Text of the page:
Sarah Wilson's PR Blog

November 16, 2009

Diversity Calendar Blog

Filed under: International PR — swilso37 @ 9:34 pm

picture of the menu taken by me from my Blackberry

On Monday, November 16, 2009, I attended Georgia Southern’s International Week: A Diner’s World Tour. The event took place at Landrum located on GSU’s campus. It was hosted by the Department of International Studies. After talking with the food services manager at Landrum, I found out that the event is held every year, and the department submits recipes to the cooks of Landrum, they make the food themselves.

The menu was made up of:

  • Jerk Chicken – a Jamaican barbeque
  • Tonkatsu – an Asian style pork chop
  • Bobotie – a South African original which is similar to meatloaf
  • German Potato Salad – vinegar based
  • Rice with Herbes de Provence
  • Korean Squash
  • Brazilian Collards
  • Baklava – a rich, sweet pastry featured in many cuisines in the area once controlled by the former Ottoman Empire, in Central Asia and in the lands in between. It and its variants are thus popular in Turkey, the Balkans, Cyprus, much of the Arab world, Iran, the Caucasus, Afghanistan and the lands of the Turkic peoples of Central Asia.

The majority of people at the event were GSU students. From my observation, most of the students appeared to be freshmen. I did not notice anyone who looked as if they were of a different nationality other than American. The food was a good representation of each culture that had an item on the menu; however, I believe the presentation of each cuisine could have been better. It was presented like any other cafeteria food that’s served at Landrum. Maybe they should consider having each dish on a small table of its own decorated with the nation’s flag. Also, a brief history/cultural tradition of the dish could also be displayed on the table. This will create more of a diverse feeling/scenery at the event.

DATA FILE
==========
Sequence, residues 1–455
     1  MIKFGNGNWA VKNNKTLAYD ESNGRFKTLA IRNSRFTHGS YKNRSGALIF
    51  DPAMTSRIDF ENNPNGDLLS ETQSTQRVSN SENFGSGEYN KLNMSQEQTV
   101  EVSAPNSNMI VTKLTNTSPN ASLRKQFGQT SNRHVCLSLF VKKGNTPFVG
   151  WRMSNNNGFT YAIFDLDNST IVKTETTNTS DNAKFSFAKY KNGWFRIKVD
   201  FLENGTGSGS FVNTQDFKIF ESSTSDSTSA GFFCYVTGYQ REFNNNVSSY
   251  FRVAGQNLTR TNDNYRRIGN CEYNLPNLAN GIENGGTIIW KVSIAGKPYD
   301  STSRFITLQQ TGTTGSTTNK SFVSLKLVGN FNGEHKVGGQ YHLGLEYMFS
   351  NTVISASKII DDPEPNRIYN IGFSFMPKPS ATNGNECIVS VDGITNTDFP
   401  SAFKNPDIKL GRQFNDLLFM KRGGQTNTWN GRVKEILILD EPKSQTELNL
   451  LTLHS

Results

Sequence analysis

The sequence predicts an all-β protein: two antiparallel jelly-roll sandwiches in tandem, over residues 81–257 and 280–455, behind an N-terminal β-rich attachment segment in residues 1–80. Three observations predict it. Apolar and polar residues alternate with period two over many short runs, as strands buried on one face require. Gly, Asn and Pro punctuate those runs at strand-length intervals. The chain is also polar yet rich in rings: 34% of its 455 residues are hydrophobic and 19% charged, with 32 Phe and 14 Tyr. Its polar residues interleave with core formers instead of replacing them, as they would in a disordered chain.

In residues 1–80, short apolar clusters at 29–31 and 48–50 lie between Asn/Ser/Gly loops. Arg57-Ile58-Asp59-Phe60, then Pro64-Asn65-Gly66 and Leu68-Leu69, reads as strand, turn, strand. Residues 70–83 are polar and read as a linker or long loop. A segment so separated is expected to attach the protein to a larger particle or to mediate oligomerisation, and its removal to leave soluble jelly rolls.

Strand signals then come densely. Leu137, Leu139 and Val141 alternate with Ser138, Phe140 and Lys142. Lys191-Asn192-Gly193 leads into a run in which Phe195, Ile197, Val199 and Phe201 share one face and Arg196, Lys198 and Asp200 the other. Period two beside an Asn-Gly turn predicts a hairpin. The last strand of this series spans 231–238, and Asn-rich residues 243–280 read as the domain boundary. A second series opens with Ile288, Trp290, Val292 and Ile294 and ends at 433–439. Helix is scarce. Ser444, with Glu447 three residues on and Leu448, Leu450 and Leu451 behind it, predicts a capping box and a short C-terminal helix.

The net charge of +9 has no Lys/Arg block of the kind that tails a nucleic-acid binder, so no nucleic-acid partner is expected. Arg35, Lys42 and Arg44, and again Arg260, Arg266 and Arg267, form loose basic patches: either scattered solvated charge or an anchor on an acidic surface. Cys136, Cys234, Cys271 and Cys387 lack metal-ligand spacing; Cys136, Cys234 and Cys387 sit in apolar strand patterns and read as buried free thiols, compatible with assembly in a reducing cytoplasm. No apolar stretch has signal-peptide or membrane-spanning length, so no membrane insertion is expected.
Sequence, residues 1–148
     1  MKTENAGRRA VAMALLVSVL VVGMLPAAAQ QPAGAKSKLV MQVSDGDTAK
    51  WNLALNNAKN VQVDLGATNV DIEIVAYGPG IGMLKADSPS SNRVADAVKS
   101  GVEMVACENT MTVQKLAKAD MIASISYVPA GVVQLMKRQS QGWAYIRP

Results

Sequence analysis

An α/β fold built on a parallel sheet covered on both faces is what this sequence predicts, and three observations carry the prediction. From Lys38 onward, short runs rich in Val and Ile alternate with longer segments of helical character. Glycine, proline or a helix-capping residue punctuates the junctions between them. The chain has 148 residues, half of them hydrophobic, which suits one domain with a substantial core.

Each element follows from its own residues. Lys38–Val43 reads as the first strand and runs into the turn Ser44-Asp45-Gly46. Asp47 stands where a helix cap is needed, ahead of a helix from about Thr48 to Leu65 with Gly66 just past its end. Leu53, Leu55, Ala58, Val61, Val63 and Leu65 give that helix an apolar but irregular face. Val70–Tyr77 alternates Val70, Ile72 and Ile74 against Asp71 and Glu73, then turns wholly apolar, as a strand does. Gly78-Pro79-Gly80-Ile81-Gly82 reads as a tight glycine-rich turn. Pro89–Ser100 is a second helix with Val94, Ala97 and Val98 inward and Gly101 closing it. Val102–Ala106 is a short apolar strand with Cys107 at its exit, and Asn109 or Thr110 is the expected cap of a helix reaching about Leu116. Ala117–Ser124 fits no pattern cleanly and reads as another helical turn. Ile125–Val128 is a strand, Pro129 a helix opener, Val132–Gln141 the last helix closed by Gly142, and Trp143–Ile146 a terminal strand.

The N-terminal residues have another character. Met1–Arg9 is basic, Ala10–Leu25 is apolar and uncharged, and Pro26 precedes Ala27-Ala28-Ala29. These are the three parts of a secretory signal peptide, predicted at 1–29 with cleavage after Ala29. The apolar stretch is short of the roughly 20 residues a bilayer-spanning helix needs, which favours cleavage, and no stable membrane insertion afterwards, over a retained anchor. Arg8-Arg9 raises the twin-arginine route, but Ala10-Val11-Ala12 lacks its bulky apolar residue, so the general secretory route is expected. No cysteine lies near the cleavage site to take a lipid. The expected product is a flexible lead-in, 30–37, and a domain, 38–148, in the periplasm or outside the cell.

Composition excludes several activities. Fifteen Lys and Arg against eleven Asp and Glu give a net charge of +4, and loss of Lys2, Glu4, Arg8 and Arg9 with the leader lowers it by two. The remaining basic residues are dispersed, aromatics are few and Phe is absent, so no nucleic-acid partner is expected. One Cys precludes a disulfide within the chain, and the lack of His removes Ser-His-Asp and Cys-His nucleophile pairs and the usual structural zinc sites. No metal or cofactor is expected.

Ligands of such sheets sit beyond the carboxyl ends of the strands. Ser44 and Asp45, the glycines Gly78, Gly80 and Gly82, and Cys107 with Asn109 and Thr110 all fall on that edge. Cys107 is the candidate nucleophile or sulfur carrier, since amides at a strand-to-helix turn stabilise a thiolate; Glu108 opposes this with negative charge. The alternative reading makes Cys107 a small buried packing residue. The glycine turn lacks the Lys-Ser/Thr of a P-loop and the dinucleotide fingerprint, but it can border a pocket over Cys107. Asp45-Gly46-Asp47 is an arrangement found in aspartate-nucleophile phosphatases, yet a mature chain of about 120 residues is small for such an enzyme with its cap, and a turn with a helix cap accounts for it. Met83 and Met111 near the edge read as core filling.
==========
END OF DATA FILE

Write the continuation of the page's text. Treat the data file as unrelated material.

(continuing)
Some information that I learned from the event is that Bobotie is almost exactly like a meatloaf, but with a strong taste of curry. I find it very interesting how one distinct spice can change the classic American meatloaf into a rich/flavorful South African favorite.

A similar American event that the World’s Diner Tour reminded me of is a “pot luck dinner”. At a pot luck dinner, everyone brings their own dish and samples everything else that was brought by other individuals. I believe pot luck dinners can relate to the World’s Diner Tour because at the event, people of different heritages and cultures sampled other nation’s cuisines.

At the event, I did not feel any different, or out of place because it was a diverse event; however, as I mentioned earlier, the majority of attendees were American GSU students. The only culture shock for me was being surrounded by freshmen. I truly felt overwhelmed by that, because I am used to Veazey Hall, the communications building on campus or what I like to call my second home. I am senior about to graduate in a couple of weeks, and all of my classes have been in Veazey Hall for the past three semesters. Most students in this building are juniors and seniors.

I believe the event needs to be publicized more. If it were better publicized, maybe more people of different cultures would come and have suggestions about how to make the event more diverse, but honestly, how diverse can an event be in South Georgia?


1 Comment »

  1. You can have a diverse event in South Georgia. This was a good example.

    Comment by Andrews — November 26, 2009 @ 6:05 pm

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